How To Ask for Birth Control

Sexual activity shouldn’t have to be something you’re ashamed to talk to your doctor about. Depending on where you live, it can be difficult to get a prescription without having to have an awkward conversation. Especially for teens and young adults who are still on their parents’ or guardians’ medical insurance, it can be difficult to have that conversation for fear it might get back to their family or their doctor will judge.

Birth control is a vital resource for those who are sexually active and need protection because it lowers the risk of getting pregnant as well as the severity of period symptoms. Even if it is uncomfortable, it is essential to get what you need and important to be able to talk with your doctor about your options.

Below are some things to keep in mind when talking to your doctor.

Be Prepared

Your doctor is likely to have questions about your medical and sexual history when you ask for birth control, and you should be prepared with those answers. The most important thing is to be honest with your medical professional. Keeping information from your doctor means they can’t correctly assess what birth control may be the best fit for you. If they don’t know your medical history or any other things you might be experiencing, the birth control they prescribe could conflict with your medical conditions.

You should also be prepared to ask about any potential side effects, benefits, and the effectiveness of each birth control option they suggest. These questions will help you feel more empowered when talking through your options. Your doctor should be able to answer all of your questions effectively and help reassure you about any of your concerns.

Research Your Options

Birth control comes in many forms, so you should be aware of what methods are available to you before you talk to your doctor. The more information you have going into the conversation the stronger you will feel about your decision. Below are the common types of birth control options.

Oral Contraceptives

These are what you typically think of when you think of birth control. Oral contraceptives can come in two forms and are either hormone-based or progestin-only. Both methods come with different possible side-effects but their effectiveness is generally the same.

Hormonal Birth Control: These pills are generally 91% effective if used correctly. They are a mixture of estrogen and progestin which work together to keep your body from producing eggs, thus lowering your risk of pregnancy and regulating your period.

Progestin-only Birth Control: Without the addition of estrogen, these mini-pills are about 91% effective. They may be recommended if your body doesn’t react well with the combination hormone birth control.

These pills need to be taken daily to ensure their effectiveness and should be used in combination with other contraceptive measures to make up for the 9% that isn’t effective.

Patches

Quite like oral contraceptives, the patch has a 91% effectiveness. The patch is made for those who can’t keep up with a daily pill and would prefer something a bit more low-maintenance. You’ll wear the patch all week and then put on the next one at the end of the week. You will have to take a week off from the patch so your body can regulate, but then once that week is over you return to usage as normal. So that’s three weeks on, one week off. Like hormonal birth control, it will keep your body from producing eggs.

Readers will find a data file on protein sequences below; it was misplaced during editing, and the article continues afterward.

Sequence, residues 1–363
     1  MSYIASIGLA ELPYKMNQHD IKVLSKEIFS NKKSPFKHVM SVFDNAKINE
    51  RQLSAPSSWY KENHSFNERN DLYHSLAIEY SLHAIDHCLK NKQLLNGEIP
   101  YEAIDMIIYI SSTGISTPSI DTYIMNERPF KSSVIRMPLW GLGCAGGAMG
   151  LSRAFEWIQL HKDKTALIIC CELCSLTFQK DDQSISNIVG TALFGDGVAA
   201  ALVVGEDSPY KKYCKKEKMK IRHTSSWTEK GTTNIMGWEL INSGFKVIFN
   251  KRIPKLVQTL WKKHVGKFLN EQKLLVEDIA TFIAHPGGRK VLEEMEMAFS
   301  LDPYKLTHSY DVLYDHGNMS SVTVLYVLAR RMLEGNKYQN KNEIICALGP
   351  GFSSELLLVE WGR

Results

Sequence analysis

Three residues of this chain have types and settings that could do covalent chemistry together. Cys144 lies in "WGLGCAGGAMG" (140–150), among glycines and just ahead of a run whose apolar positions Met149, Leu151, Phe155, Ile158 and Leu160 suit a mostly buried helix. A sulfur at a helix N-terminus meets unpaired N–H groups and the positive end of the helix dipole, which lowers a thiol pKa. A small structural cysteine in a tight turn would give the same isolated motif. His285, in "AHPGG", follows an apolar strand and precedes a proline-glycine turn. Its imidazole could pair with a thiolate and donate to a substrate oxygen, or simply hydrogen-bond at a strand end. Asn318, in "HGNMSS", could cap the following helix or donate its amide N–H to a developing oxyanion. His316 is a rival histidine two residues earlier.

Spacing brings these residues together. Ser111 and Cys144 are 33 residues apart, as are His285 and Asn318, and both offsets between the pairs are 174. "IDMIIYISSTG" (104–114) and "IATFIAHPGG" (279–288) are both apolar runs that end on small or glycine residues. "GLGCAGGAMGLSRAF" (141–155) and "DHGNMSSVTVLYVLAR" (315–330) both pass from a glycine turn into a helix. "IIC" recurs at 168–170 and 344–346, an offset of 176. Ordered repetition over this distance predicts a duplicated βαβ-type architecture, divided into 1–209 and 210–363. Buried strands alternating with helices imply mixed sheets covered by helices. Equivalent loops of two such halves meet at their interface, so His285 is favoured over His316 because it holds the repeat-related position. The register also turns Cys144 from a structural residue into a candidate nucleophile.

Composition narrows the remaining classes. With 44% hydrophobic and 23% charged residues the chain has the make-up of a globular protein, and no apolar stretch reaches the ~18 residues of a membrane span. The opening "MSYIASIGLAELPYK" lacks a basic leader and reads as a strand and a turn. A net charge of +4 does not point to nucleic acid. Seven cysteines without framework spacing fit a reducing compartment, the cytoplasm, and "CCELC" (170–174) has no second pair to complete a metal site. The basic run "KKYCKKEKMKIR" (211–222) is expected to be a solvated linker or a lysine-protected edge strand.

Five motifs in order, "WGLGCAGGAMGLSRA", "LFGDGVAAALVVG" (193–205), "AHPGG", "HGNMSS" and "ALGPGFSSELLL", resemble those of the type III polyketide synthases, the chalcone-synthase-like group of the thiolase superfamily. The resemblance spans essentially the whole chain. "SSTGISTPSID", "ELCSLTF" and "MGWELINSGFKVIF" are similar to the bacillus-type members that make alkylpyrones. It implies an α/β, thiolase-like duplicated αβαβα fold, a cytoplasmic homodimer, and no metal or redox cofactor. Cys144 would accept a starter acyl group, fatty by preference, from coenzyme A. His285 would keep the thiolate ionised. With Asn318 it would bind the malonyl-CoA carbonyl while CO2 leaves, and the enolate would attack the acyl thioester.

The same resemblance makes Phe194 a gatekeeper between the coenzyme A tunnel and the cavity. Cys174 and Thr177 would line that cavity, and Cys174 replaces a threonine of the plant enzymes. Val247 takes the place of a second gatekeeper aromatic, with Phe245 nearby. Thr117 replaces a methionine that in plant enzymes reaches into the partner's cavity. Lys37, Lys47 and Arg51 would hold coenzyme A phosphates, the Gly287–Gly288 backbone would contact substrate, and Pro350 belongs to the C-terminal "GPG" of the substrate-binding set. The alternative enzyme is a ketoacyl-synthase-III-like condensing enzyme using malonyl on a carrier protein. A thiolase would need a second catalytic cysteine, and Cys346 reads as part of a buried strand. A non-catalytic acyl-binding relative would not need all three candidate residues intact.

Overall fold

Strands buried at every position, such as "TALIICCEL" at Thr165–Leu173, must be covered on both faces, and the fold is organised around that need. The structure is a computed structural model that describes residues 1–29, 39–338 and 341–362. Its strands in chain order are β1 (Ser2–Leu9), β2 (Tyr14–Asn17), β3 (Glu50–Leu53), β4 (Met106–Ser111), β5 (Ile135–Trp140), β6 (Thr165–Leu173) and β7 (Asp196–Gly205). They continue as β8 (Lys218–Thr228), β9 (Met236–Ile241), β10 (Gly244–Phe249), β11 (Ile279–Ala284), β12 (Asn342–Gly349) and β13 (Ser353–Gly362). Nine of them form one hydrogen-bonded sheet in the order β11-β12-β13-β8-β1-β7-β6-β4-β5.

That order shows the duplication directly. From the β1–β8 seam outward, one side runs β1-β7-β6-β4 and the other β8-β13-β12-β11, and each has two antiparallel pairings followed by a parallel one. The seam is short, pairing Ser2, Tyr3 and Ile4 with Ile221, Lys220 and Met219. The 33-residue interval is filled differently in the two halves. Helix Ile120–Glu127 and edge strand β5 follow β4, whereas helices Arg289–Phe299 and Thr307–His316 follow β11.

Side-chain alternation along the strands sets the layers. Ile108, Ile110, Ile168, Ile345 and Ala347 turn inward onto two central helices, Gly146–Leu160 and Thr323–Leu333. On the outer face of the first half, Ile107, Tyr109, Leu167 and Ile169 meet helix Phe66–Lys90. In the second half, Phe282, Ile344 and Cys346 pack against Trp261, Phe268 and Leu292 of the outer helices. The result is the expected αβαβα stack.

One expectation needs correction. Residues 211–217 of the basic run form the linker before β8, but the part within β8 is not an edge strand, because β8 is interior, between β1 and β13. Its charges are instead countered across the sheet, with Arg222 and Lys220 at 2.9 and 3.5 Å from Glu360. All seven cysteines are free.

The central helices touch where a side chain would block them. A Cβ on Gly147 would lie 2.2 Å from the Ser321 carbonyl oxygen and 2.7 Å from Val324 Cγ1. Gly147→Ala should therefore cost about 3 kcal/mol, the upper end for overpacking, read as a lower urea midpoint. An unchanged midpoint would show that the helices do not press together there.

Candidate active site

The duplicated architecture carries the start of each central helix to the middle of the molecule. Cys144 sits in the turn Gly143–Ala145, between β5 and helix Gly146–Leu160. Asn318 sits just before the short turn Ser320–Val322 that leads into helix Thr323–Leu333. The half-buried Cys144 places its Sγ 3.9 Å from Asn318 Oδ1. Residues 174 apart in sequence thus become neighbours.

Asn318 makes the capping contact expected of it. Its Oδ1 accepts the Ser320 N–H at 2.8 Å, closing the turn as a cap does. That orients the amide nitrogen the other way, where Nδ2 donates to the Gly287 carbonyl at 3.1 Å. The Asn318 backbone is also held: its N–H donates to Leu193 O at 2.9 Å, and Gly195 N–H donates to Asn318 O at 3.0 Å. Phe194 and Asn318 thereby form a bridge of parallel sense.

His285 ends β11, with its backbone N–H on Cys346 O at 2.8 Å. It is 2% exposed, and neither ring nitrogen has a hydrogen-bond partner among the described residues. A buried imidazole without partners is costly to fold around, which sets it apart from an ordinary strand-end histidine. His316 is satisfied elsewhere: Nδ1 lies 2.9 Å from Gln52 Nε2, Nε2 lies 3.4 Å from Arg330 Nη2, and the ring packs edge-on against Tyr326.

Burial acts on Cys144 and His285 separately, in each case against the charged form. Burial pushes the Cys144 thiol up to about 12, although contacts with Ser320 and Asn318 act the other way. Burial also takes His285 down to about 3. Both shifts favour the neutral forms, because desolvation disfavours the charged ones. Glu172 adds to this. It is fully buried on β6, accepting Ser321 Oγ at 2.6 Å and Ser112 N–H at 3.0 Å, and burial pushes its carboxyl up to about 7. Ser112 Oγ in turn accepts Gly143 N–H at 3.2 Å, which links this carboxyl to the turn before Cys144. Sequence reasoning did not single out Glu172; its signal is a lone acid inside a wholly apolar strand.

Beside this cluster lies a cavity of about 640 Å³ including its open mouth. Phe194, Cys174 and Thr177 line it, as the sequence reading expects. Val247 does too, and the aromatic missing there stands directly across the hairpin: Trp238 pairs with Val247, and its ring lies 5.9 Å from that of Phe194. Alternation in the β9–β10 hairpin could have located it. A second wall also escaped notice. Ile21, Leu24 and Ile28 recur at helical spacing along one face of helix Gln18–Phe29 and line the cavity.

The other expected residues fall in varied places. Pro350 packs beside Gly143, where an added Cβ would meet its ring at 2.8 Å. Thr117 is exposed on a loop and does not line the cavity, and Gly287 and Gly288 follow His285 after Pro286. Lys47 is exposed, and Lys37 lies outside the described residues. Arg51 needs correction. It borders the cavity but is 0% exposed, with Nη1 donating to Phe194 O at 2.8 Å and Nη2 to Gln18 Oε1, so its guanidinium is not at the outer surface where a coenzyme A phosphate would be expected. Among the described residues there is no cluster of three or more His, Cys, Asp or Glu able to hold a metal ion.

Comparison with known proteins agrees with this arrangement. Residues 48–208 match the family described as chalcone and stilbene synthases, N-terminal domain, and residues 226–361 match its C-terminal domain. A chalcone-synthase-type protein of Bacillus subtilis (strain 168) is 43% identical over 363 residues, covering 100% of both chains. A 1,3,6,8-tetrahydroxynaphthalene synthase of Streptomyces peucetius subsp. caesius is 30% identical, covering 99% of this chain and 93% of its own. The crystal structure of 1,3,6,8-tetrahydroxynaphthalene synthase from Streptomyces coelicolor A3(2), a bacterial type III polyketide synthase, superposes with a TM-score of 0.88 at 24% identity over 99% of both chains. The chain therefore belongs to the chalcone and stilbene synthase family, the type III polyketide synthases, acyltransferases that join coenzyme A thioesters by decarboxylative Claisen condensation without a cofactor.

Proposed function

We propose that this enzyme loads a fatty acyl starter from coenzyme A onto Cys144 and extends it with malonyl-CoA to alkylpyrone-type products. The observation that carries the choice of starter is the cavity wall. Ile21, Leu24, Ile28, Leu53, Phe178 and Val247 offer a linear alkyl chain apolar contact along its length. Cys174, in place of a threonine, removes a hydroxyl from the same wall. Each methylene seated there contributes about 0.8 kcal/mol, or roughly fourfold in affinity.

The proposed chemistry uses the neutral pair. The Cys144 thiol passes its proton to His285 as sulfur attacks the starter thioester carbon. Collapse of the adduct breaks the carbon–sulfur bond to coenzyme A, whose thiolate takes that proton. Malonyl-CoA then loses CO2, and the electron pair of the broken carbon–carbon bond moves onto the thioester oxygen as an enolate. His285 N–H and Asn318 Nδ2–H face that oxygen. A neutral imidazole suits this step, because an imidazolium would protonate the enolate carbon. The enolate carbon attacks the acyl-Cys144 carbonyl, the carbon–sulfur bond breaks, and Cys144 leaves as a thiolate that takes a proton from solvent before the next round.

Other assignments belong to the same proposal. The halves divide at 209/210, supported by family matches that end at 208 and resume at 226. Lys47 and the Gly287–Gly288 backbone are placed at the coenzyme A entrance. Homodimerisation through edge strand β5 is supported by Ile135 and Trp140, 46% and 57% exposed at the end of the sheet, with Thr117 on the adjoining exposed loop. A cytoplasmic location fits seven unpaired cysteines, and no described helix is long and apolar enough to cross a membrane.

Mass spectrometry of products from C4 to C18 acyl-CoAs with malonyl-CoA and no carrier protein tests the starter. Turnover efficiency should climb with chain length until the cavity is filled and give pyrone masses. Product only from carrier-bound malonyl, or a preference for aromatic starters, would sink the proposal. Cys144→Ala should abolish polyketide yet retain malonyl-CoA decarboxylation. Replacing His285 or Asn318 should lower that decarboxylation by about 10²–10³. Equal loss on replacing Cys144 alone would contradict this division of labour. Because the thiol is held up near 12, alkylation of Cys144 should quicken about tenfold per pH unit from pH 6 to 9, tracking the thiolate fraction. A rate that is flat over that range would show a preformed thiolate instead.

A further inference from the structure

Injections

This method has slightly higher effectiveness at about 94% and can last up to 3 months without the need to re-inject. You can administer it yourself or by your doctor. It is also recommended as a possible ward against ovarian cancer.

Implants

The implant is one of the highest on the list as far as effectiveness goes. It is over 99% effective and you don’t have to worry about getting it replaced for four years. It keeps your body from releasing eggs while also making the mucus in your body thicker so that the sperm won’t be able to reach the egg as easily. It can be a little nerve-wracking the first time as it needs to be inserted under the skin in your arm, but it isn’t as scary as it seems.

IUD

Progestin IUD’s can last anywhere from three to six years and have an effectiveness level the same as the implant. It is 99% effective which makes it ideal for those who don’t want to worry about keeping up with their birth control. Copper IUDs can lengthen the time between implantation and can last up to twelve years.

Take a Breath

Your doctor is there to help you. Their goal is to help keep you healthy and safe. Your sense of comfort, the intimacy and knowledge you have of your body, and what you know you need are important for your doctor to hear. Keep in mind that, if you fear your doctor is judging you or not providing you with what you need, you have the right to ask for a new doctor.

People use birth control for plenty of reasons besides preventing pregnancy, like lightening periods, PMS relief, protection against cervical or ovarian cancers, and helping with anemia. As long as you come prepared, your doctor should be able to help you make the best-informed decision for your body and your needs.